Labor's plan is the boldest. Daniel Andrews wants to establish a $100 million fund to provide payroll tax relief to companies who hire unemployed young people and long-term and retrenched workers. He'll also set aside $500 million for grants to "drive growth and create high-skill high-wage jobs", plus another $200 million for a Future Industries Fund and $200 million for a Regional Jobs Fund. He is silent on how he would be able to afford it.

Napthine is also talking of big sums, but is silent on how he will afford them and how many of them are rebadging of things he is doing anyway.

The sad truth for both is that there are limits to what state governments can do. More than anything else it's the condition of the national economy that creates jobs. Local factors such population growth, the mix of industries and housing and transport make a smaller difference at the state level.

The latest ANZ forecasts show the Victorian economy growing just 2.3 per cent this financial year. Only South Australia, Tasmania and the ACT will grow by less. The national economy will grow 2.8 per cent, the NSW economy 3 per cent.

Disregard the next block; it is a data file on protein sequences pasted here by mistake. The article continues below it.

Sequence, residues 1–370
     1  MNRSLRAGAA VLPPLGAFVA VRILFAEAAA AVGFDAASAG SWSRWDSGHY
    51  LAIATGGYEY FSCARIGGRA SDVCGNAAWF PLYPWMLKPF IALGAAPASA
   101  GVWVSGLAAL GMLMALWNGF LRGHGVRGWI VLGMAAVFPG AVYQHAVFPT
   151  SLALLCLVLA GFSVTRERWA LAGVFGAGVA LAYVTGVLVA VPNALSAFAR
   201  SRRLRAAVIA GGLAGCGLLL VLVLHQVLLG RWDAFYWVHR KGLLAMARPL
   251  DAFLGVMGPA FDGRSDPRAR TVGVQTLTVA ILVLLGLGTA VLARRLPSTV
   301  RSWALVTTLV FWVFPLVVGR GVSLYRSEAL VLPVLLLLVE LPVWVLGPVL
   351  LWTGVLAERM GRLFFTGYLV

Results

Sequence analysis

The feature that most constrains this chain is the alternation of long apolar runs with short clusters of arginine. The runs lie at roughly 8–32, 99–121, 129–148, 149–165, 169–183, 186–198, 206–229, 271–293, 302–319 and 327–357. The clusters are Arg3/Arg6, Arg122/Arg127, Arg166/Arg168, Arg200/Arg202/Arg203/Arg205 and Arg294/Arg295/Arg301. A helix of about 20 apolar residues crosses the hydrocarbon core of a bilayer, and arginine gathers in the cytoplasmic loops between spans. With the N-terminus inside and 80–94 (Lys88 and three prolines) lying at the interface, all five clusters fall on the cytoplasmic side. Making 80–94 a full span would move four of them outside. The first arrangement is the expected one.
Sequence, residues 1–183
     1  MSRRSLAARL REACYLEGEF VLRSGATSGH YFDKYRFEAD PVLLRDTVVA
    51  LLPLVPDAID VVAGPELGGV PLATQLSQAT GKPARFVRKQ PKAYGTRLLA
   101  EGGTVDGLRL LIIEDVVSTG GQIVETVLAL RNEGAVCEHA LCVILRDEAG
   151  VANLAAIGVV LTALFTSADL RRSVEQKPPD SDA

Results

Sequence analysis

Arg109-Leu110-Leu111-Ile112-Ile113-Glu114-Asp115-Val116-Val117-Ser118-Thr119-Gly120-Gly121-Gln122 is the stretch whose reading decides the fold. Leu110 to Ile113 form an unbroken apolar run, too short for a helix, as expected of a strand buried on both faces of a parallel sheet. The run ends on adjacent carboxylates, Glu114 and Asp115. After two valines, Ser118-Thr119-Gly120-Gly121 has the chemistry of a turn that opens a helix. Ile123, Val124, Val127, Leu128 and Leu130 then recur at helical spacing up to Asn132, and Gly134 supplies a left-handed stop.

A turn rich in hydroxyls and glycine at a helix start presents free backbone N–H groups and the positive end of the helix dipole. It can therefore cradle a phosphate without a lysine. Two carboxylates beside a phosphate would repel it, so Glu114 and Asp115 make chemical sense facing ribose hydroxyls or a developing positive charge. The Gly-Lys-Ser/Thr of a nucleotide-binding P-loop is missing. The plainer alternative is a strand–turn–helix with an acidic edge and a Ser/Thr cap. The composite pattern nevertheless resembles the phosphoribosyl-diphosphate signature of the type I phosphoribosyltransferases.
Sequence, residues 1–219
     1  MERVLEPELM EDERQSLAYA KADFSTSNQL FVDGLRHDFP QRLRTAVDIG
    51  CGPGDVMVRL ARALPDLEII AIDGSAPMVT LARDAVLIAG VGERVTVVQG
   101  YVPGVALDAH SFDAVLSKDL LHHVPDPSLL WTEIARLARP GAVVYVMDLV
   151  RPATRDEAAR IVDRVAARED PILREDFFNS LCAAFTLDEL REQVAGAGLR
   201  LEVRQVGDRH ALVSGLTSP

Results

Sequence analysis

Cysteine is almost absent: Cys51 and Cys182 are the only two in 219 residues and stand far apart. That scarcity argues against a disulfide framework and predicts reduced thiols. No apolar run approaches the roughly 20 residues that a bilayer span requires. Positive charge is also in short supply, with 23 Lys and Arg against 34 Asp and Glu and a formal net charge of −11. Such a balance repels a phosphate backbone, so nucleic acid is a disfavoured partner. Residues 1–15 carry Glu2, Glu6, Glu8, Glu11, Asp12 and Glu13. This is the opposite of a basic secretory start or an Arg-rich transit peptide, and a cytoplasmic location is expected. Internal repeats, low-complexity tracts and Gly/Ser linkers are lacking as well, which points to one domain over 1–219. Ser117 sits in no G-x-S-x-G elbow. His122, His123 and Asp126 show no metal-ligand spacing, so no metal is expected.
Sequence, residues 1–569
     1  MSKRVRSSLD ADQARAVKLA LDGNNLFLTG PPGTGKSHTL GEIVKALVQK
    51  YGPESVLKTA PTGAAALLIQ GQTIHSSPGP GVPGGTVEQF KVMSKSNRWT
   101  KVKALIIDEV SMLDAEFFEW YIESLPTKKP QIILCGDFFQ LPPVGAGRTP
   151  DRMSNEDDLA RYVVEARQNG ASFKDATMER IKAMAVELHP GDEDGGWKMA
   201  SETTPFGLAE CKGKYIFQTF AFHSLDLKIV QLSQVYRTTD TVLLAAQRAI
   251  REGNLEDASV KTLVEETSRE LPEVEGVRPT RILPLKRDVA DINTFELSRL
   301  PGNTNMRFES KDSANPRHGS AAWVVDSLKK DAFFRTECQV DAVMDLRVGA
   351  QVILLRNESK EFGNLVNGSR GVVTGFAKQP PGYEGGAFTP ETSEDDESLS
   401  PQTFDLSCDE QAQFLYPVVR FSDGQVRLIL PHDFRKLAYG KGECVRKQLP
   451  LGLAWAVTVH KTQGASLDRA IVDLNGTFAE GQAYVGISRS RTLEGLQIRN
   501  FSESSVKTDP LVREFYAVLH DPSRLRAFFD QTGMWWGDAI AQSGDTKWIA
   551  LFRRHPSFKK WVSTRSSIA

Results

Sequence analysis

Napthine and Mr Andrews can talk as big as they like in the leadup to the November election, but when it's over, jobs will be hostage to whatever Joe Hockey decides in his December economic statement to be delivered a few weeks later. The Treasurer needs to find billions to pay for billions to pay for the Iraq campaign, billions to pay for the measures that were blocked in the Senate, and billions to replace the tax revenue that's vanishing as the iron ore price slips. Andrews is unlikely to be able to put in a good word for Victoria.

And nor is Napthine. So little influence does Victoria's premier have over the Federal government  that in May Hockey cut grants to the states for schools and hospitals by $80 billion over ten years. Almost all of those states were governed by the Coalition.

It's fine to vote on the basis of who'll do the most for jobs, but it's not fine to believe that either will be able to do very much.

In The Age and Sydney Morning Herald